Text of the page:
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New Table Saw - how to protect the table from rust?

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Forum topic by Mike posted 836 days ago 1563 views 0 times favorited 23 replies Add to Favorites Watch
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Mike

60 posts in 836 days


836 days ago

Hi Guys, just bought my new saw and am wondering, what does everyone do to combat rust on the table. My drill press table was nice looking for about a year, and I began to get lazy about oiling the table and now it’s all rusty. I don’t want that happening to me new saw. If it helps, my show is in my basement so it tends to get humid during the summer months. Thanks for any advice!

Mike


23 replies so far

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AJLastra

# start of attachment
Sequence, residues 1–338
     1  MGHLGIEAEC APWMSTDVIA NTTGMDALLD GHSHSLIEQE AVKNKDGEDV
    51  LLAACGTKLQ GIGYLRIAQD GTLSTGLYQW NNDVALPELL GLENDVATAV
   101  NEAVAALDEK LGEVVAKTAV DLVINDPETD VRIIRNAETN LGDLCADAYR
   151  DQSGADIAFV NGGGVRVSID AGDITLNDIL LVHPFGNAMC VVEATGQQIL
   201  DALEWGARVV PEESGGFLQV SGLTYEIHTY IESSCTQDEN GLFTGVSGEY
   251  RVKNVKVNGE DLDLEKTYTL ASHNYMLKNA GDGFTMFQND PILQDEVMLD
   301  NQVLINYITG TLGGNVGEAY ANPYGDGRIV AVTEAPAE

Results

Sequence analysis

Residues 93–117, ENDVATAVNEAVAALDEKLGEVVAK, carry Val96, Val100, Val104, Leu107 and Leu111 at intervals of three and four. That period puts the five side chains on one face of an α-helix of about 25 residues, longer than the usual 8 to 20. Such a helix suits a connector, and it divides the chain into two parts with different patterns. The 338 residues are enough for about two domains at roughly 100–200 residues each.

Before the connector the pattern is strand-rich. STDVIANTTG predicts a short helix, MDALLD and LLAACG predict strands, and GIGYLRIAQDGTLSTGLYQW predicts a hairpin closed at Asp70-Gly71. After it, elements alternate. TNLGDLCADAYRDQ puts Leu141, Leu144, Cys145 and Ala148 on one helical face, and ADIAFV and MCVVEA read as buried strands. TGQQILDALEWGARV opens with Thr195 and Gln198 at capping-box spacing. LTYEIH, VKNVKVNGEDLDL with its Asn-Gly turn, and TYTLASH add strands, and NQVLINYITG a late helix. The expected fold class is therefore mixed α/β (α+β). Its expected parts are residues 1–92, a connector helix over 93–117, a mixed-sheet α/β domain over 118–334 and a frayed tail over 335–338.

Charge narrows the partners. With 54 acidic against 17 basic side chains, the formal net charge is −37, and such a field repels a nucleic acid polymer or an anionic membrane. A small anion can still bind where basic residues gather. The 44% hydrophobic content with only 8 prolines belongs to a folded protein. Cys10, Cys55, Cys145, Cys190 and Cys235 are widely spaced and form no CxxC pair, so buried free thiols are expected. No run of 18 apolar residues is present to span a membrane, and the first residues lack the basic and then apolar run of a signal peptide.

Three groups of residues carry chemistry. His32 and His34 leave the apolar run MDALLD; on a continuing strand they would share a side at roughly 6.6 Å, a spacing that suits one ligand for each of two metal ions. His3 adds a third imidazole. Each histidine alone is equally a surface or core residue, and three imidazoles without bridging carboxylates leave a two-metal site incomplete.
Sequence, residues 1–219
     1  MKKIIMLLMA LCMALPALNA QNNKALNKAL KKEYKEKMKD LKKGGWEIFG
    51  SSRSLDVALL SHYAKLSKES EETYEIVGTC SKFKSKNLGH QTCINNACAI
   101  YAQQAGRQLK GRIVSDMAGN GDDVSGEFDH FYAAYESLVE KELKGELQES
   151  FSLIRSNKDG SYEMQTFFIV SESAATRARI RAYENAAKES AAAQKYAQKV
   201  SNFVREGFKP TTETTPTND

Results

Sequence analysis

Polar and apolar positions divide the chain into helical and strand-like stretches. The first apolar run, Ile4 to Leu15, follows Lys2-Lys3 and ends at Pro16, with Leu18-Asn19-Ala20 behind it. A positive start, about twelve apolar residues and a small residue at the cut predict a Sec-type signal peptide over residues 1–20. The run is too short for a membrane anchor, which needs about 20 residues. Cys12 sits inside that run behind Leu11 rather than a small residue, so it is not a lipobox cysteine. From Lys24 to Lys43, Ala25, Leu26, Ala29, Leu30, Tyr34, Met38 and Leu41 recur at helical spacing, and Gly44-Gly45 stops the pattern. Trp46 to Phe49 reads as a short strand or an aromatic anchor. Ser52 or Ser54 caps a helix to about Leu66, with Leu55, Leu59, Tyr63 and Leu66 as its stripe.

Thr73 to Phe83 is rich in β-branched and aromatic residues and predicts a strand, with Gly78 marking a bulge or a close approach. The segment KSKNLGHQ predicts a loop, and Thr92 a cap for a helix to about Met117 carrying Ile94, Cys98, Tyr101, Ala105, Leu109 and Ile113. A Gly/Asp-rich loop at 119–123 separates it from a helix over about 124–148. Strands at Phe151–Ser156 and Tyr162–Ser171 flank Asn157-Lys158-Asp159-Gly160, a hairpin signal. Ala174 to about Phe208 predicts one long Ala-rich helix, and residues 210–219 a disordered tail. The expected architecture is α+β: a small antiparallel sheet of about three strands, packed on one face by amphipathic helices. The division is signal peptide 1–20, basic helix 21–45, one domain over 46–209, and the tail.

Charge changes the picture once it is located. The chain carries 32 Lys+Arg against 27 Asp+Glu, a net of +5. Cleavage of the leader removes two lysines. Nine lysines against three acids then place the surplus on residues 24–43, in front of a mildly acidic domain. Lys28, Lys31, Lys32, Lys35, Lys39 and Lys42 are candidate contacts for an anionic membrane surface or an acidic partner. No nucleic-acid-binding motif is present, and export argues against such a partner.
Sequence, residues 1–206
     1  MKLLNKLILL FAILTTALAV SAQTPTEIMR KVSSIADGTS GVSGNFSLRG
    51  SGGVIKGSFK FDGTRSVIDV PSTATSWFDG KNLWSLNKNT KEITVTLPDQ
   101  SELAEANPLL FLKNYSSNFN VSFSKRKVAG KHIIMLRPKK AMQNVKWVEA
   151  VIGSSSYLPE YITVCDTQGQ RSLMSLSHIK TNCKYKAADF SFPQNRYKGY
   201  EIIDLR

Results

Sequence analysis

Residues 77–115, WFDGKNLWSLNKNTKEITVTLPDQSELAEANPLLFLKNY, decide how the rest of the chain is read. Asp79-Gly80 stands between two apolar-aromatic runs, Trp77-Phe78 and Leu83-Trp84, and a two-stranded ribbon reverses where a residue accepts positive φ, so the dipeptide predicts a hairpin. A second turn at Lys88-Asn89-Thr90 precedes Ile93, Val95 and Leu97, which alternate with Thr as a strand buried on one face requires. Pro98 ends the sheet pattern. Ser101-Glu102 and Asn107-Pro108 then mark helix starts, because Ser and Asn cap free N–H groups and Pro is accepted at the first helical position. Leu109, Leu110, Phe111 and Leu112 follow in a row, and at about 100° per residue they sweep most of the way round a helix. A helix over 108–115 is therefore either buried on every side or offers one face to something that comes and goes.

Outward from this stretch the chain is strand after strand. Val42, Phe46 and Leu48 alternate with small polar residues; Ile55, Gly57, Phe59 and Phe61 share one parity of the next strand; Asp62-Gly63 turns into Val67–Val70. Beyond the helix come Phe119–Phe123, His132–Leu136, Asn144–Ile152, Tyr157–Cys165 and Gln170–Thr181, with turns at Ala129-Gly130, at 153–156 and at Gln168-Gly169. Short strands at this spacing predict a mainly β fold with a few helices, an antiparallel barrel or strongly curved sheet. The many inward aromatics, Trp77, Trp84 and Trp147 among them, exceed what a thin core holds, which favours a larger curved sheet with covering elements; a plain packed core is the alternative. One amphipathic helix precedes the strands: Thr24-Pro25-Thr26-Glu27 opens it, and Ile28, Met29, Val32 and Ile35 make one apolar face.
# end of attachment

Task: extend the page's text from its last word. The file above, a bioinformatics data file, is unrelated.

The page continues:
86 posts in 855 days


#1 posted 835 days ago

I’ve regularly use a product called “TopCoat” you can find it at Woodcraft, Rockler, Woodworker’s Supply. when you spray it on, let it turn white before you buff it off. It works great. What I dont like about it is that the surface you apply it to isnt as slick as it is if you just apply something like Johnson’s paste wax and buff it out.

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crank49

3370 posts in 1597 days


#2 posted 835 days ago

I have always used Johnson’s paste wax and no rust after 2 years in the basement in Tennessee.

-- Michael :-{| “If you tell a big enough lie and tell it frequently enough, it will be believed.” ― A H

View Bill White's profile

Bill White

3404 posts in 2586 days


#3 posted 835 days ago